The IWC Ingenieur Constant-Force Tourbillon is a timepiece which took 10 years to bring to fruition which includes a constant force-escapement. However, is it a podium winner?
Whilst winding a wristwatch, energy is imparted to the mainspring. As it becomes increasingly tensioned, greater energy is stored within the spring barrel.
Subsequently, the mainspring unwinds and transfers energy via the teeth on the barrel cover to the balance wheel.
Typically, a Swiss lever escapement is used. It portions the energy, releasing it in pulse-like form, using a pallet lever and escape wheel. The big problem is that as the mainspring becomes increasingly relaxed, less energy is imparted to the balance wheel, resulting in a loss of amplitude and, by default, accuracy. Moreover, a fully wound mainspring often delivers slightly too much energy and then, near the point of exhaustion not enough.
IWC are engineers at heart, exampled by their recent engineering partnership with the Mercedes AMG Petronas Formula One Team. It was therefore inevitable that the most accomplished watchmakers, based at IWC Schaffhausen, would be tasked with addressing this age old problem.
The result is a timepiece which took 10 years to bring to fruition which includes a constant force-escapement. Furthermore, IWC chose to combine it with one of the most complex of horological complications, the tourbillon. The outcome is the IWC Ingenieur Constant-Force Tourbillon. However, is it a podium winner?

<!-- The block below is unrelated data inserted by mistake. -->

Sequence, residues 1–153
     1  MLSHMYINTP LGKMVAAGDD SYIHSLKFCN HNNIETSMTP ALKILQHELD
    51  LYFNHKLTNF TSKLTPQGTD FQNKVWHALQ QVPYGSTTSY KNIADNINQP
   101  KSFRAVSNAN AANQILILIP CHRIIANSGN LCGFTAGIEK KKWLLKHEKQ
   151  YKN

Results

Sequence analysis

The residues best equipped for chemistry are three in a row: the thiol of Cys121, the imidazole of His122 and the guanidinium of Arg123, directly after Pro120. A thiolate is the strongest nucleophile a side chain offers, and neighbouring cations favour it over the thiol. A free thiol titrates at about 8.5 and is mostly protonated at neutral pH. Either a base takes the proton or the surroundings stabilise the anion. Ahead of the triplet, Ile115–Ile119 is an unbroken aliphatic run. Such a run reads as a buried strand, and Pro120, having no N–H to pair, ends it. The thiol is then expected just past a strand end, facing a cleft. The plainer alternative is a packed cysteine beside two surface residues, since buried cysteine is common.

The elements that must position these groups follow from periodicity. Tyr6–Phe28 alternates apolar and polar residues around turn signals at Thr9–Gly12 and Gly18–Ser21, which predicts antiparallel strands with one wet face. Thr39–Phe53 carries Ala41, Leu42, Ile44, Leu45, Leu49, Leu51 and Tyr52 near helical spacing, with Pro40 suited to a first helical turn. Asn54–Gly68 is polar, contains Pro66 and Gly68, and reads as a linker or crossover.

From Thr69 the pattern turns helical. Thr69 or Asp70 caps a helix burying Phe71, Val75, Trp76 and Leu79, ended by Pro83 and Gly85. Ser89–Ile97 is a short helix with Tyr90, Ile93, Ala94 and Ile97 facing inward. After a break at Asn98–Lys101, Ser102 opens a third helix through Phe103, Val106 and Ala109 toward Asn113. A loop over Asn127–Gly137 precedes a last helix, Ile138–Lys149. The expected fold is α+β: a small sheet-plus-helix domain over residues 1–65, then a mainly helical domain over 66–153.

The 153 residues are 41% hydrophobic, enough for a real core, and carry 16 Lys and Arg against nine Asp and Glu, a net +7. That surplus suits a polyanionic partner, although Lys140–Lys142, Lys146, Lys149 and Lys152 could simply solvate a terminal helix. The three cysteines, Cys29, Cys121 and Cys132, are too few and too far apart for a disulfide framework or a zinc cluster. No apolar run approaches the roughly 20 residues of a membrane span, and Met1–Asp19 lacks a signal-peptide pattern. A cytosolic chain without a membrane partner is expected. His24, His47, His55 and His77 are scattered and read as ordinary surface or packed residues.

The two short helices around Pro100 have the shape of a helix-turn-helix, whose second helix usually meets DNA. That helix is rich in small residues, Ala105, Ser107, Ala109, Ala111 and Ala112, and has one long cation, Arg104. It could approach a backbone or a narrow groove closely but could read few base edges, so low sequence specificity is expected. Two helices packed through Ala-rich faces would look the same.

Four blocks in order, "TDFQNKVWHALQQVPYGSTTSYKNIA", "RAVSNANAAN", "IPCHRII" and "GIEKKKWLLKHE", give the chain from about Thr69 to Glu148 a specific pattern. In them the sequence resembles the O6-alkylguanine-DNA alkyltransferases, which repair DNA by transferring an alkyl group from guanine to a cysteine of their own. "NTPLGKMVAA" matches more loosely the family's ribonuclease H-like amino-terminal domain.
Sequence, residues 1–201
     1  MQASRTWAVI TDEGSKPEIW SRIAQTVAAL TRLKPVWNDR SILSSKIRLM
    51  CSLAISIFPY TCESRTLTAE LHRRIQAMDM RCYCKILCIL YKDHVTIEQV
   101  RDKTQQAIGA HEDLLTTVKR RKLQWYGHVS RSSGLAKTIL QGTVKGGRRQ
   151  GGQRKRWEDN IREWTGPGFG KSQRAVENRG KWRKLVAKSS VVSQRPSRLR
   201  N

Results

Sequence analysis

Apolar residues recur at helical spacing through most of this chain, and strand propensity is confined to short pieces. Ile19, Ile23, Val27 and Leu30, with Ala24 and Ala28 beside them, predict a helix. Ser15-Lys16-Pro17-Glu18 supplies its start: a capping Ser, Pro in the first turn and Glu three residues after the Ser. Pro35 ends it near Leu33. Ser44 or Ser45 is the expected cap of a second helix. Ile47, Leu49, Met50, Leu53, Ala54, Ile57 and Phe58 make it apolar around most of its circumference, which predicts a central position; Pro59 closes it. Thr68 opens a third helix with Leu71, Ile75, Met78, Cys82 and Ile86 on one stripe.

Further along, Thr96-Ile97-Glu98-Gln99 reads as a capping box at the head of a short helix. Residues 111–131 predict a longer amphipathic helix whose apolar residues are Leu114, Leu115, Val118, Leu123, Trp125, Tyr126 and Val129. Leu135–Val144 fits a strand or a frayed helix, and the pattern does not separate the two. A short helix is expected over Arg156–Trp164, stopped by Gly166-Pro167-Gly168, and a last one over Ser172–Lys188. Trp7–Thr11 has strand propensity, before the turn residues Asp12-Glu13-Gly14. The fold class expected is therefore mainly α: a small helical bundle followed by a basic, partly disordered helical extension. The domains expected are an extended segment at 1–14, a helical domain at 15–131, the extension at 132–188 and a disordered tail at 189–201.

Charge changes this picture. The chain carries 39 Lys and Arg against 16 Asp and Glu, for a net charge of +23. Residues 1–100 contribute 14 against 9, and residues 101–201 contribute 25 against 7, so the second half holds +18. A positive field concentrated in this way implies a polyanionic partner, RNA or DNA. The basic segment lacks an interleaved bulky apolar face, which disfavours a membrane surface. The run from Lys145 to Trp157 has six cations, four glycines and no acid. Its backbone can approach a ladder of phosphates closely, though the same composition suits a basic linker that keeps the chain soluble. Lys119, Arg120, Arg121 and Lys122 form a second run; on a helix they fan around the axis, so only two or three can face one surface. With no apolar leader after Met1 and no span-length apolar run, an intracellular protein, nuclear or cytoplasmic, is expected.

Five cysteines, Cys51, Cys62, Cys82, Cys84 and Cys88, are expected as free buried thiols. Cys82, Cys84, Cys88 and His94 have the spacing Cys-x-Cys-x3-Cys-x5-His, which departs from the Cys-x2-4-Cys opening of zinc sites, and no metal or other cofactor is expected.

The first thing to note is the unusual appearance of the dial. Three subdials impart information to the fortunate wearer.
At 1 o’clock, a moon-phase indicator is located. It does not resemble a typical moon-phase. It shows moon phases for both northern and southern hemispheres. Close examination reveals detail which quite simply is amazing. Look closely and you will see small craters represented on the moons displayed. This comely creation was the result of employing a “special 3-D laser technique”. The resultant presentation is stunningly sublime.
Framing this subdial is a scale showing the number of days remaining before the next full moon, shown for each of the respective hemispheres.
At 4 o’clock, a power indicator resides, however, this does not present information in the “normal” way. That would be too straightforward. This watch employs a retrograde display employing a triangular index. It shows the amount of stored energy held in the twin barrels, counting down and expressed in hours. Aesthetic considerations are never forgotten, hence the black connecting bridge ensures the central IWC nomenclature is perfectly horizontal and never obscured.
At 9 o’clock, the tourbillon cage is presented. Its frame is larger than the two aforementioned subdials, emphasising its greater importance. The edge of the toubillon bridge is marked with a combination of Arabic numerals and white strokes. Subsidiary seconds are displayed courtesy of a black seconds hand tipped with a white equilateral triangle. The tourbillon revolves around its axis every 60 seconds.
This watch will suit those with an inquiring mind for all things mechanical. As you look within the movement you will see the gold-coloured Glucydur beryllium balance with its high precision adjustment cam on the balance arms.
In the first 48 hours of the mainsprings being fully wound, the subsidiary seconds hand moves in distinct one-second steps, similar to a dead-beat seconds hand. After 48 hours has elapsed the second hand moves in integers of one-fifth of a second, typical of a watch with a frequency of 18,00 vph (2.5Hz). During the first 48 hours, the constant-force is provided and the amplitude of the balance is virtually constant.
The central area of the dial is decorated with a number of letter “I”s, representing the name of the watch, “Ingenieur”. The depiction in relief is wonderful and proffers much eye appeal.